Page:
Background: Although early reports on laparoscopy-assisted colectomy (LAC) in patients with colon cancer suggested that it reduces perioperative morbidity, its influence on long-term results is unknown. Our study aimed to compare efficacy of LAC and open colectomy (OC) for treatment of non-metastatic colon cancer in terms of tumour recurrence and survival.
Methods: From November, 1993, to July, 1998, all patients with adenocarcinoma of the colon were assessed for entry in this randomised trial. Adjuvant therapy and postoperative follow-up were the same in both groups. The main endpoint was cancer-related survival. Data were analysed according to the intention-to-treat principle.
Findings: 219 patients took part in the study (111 LAC group, 108 OC group). Patients in the LAC group recovered faster than those in the OC group, with shorter peristalsis-detection (p=0.001) and oral-intake times (p=0.001), and shorter hospital stays (p=0.005). Morbidity was lower in the LAC group (p=0.001), although LAC did not influence perioperative mortality. Probability of cancer-related survival was higher in the LAC group (p=0.02). The Cox model showed that LAC was independently associated with reduced risk of tumour relapse (hazard ratio 0.39, 95% CI 0.19-0.82), death from any cause (0.48, 0.23-1.01), and death from a cancer-related cause (0.38, 0.16-0.91) compared with OC. This superiority of LAC was due to differences in patients with stage III tumours (p=0.04, p=0.02, and p=0.006, respectively).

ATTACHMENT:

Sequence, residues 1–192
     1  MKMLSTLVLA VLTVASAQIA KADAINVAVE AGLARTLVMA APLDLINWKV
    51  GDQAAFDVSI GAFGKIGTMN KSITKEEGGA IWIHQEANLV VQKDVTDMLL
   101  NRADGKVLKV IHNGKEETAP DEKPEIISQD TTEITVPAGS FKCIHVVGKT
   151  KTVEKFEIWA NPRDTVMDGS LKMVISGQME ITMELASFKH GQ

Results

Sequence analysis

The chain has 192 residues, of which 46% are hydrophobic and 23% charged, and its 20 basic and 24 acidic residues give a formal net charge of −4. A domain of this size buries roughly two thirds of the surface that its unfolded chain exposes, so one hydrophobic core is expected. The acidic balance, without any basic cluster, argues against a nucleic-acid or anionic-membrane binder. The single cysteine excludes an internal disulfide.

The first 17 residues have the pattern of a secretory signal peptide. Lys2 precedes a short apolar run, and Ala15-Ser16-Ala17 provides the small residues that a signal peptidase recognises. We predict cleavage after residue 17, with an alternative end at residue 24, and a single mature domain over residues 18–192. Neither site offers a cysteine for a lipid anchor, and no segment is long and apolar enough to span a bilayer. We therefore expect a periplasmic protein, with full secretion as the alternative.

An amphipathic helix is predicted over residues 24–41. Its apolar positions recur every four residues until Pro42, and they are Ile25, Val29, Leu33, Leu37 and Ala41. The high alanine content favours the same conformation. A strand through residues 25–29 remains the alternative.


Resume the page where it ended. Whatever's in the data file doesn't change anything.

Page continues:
Interpretation: LAC is more effective than OC for treatment of colon cancer in terms of morbidity, hospital stay, tumour recurrence, and cancer-related survival.